SEOs fear malicious submissions following new Google Search Quality User Reports

humans vs google spam

Google has revealed an updated Search Quality User Report that allows anyone to tell the tech giant that a webpage is in violation of their Search Quality Guidelines. 

The change was shared on Twitter by the Google Search Central profile. They said: ‘We’re happy to introduce you to our new report for spammy, deceptive or low quality webpages!’


The SEO community has criticised the new form for many reasons. We’ll dig into them here, but first – let’s explore what exactly Google has changed. 

What does the new Search Quality User Report include?

In the Google Search Central Blog, the tech giant explains that their aim is to ‘expand the scope of user feedback we want to collect’.  

The new form allows for users to select a specific issue they have found with a web page: 

  • Spammy content 
  • Spammy behaviour 
  • Deceptive 
  • Low quality 
  • Paid links 
  • Other 

It goes on to describe each issue in more depth, saying that a web page can be reported if it has one of the following features: 

  • Irrelevant or useless content that exploits search engine algorithms to appear in relevant results 
  • Engagement in abusive behaviour to manipulate search engines’ ranking 
  • No delivery of promised services with intent to mislead or defraud the user 
  • Poorly written or designed pages often created in bulk to attract clicks from users rather than to generally inform or entertain 
  • Unnatural, artificial, deceptive or manipulative inbound or outbound links 
  • Other search abuse or exploitative SEO strategies 

Is this User Report a new concept?

In short, no. 

In May of this year, people mistook Google’s clarification on topic authority for the announcement of a completely new ranking factor, but the truth was, they were sharing information on a system that had been in place for years. 

Similarly, some are now believing this updated form is an entirely new concept, but the reality is, people have been able to submit user feedback to Google for years.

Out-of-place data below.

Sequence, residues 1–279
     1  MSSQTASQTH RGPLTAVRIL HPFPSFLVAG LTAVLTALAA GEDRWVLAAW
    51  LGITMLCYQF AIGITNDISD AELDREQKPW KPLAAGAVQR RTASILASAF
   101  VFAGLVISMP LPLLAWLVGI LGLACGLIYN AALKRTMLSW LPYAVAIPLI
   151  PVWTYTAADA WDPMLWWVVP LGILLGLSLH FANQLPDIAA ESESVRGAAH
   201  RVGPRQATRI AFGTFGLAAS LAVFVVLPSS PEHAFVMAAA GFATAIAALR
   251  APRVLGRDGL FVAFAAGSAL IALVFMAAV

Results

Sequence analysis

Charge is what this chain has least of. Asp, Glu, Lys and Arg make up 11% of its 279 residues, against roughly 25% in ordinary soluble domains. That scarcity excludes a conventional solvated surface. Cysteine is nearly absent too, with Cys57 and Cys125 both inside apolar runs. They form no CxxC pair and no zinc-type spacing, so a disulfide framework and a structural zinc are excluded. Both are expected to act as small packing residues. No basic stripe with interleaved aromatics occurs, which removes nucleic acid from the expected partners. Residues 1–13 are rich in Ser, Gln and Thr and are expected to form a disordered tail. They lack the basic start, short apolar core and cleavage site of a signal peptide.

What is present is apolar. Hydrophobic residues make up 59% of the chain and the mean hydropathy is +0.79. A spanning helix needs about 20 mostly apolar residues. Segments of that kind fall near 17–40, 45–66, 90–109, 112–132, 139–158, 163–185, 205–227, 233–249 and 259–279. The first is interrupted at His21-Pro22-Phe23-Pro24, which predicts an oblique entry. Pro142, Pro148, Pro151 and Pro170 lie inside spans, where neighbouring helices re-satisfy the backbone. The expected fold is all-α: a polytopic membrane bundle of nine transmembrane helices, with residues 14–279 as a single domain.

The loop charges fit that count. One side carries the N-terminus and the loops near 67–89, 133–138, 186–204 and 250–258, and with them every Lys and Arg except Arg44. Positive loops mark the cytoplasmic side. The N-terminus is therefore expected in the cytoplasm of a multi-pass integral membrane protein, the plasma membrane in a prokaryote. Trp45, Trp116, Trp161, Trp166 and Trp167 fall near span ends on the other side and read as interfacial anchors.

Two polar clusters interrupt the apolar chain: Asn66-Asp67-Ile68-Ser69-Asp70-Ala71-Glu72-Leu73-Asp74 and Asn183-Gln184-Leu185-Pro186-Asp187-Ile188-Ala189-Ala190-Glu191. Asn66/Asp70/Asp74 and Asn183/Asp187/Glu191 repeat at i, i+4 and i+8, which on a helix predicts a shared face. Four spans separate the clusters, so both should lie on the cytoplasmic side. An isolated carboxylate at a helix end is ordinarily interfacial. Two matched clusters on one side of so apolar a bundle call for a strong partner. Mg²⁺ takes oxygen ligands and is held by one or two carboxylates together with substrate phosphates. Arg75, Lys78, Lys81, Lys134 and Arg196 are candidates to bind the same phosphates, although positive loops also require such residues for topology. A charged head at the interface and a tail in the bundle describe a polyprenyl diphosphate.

That being said, this new feedback form can easily be interpreted as Google’s way of stepping up its efforts to firefight the deceptive strategies people implement to manipulate SERPs.  

Why is it asking the public to help, though? Let’s take a closer look. 

Has ChatGPT played a part?

While Google is working to combine its own generative AI with its SERPs via the new Search Generative Experience, it is now also calling on the general public to help it fire-fight the onslaught of AI-generated content.  

Several of the report issues – spammy content, low quality page, deceptive page – have quite obviously been influenced by the impact of generative AI tools such as ChatGPT. 

But why is Google asking people to flag deceptive sites themselves in this new form after it rolled out a content update just a few months ago?  

The update was designed to detect sites with content that was designed to tick SEO boxes, but wasn’t providing much value to readers. The fact this update was rolled out just weeks after the release of ChatGPT is seen by many to be no coincidence. 

If Google is now asking people to start filing error reports themselves, is it because even post-update, the tech giant simply can’t process the influx of AI content by itself? 

Or is Google effectively asking for volunteers to give it human data which can be used to train its systems on detecting AI-generated content?